More evidence that the mainstream financial media often gets it wrong when reporting on precious metals in general and gold in particular when it comes to reporting on anything other than its price comes via this story at Reuters on Tuesday.
It seized on a few comments at the tail end of a World Gold Council report to craft the sensationally bearish China may have 1,000 tonnes of gold tied in financing – WGC which was not only misleading, but violated some very important rules about context.
Author A. Ananthalakshmi, who according to her page at Reuters has recently dealt exclusively with the mundane, day-to-day reporting on the gold market until this offering, exorcises all of the grey area out of the following paragraph found on page 56 of the World Gold Council’s 57 page report:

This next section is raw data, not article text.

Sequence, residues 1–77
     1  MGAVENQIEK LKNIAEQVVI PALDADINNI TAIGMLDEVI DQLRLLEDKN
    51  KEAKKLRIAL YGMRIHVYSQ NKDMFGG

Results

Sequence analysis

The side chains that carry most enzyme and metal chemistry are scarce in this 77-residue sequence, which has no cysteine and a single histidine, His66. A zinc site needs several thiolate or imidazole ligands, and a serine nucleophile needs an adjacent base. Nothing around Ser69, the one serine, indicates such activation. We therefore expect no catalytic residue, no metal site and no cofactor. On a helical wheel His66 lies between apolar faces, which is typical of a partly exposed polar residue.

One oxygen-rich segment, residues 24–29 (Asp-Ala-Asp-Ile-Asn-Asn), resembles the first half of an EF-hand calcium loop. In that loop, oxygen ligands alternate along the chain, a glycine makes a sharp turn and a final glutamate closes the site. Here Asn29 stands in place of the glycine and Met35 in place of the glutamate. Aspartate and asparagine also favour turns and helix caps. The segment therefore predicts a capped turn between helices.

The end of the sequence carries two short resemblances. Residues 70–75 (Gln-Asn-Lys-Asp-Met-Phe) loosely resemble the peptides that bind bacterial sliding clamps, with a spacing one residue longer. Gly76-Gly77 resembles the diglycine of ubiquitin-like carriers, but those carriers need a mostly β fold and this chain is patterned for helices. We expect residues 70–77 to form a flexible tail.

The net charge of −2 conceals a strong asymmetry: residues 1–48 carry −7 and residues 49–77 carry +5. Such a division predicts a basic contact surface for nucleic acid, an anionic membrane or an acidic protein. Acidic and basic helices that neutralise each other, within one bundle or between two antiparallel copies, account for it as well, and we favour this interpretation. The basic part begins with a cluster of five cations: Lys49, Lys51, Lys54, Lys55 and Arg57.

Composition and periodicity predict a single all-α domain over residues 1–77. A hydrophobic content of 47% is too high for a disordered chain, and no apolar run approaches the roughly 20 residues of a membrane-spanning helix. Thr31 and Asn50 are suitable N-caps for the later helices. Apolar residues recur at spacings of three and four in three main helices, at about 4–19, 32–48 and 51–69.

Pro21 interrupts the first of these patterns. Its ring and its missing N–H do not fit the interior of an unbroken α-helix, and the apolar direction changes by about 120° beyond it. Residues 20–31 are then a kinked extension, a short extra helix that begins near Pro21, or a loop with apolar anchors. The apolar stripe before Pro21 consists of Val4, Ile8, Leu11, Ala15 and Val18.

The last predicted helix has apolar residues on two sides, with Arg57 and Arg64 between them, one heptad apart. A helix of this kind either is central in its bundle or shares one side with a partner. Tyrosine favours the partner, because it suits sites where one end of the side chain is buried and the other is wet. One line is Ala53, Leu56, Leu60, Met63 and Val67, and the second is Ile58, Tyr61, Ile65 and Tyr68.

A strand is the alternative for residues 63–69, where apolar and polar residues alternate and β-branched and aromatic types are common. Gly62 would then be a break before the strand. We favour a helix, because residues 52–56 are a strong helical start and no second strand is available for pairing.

The use of gold for purely financial operations is a form of demand that represents a small part of the much wider growth in shadow banking, which while entirely legal, is considered a grey area. Not surprisingly, there is little hard data on the shadow banking sector but J.P. Morgan recently estimated it at RMB46tn (US$1.7tn), equal to about 84% of China’s GDP. No statistics are available on the outstanding amount of gold tied up in financial operations linked to shadow banking but Precious Metals Insights believes it is feasible that by the end of 2013 this could have reached a cumulative 1,000t, equal to a nominal value of nearly $40bn.
It is then offered up as simply this at Reuters:
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